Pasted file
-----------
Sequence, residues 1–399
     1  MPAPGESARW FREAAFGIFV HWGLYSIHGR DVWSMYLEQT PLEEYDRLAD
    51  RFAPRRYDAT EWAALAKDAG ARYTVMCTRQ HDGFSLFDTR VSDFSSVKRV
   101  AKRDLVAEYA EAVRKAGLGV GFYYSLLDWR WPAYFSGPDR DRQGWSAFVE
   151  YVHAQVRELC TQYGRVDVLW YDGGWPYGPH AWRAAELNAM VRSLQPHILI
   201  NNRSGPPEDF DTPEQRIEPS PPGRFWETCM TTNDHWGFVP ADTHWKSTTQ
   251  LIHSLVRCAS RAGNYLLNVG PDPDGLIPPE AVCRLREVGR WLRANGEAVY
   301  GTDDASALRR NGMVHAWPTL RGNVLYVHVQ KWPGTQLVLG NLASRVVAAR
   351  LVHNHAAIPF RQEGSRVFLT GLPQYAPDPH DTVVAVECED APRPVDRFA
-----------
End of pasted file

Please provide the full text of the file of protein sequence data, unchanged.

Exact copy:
Sequence, residues 1–399
     1  MPAPGESARW FREAAFGIFV HWGLYSIHGR DVWSMYLEQT PLEEYDRLAD
    51  RFAPRRYDAT EWAALAKDAG ARYTVMCTRQ HDGFSLFDTR VSDFSSVKRV
   101  AKRDLVAEYA EAVRKAGLGV GFYYSLLDWR WPAYFSGPDR DRQGWSAFVE
   151  YVHAQVRELC TQYGRVDVLW YDGGWPYGPH AWRAAELNAM VRSLQPHILI
   201  NNRSGPPEDF DTPEQRIEPS PPGRFWETCM TTNDHWGFVP ADTHWKSTTQ
   251  LIHSLVRCAS RAGNYLLNVG PDPDGLIPPE AVCRLREVGR WLRANGEAVY
   301  GTDDASALRR NGMVHAWPTL RGNVLYVHVQ KWPGTQLVLG NLASRVVAAR
   351  LVHNHAAIPF RQEGSRVFLT GLPQYAPDPH DTVVAVECED APRPVDRFA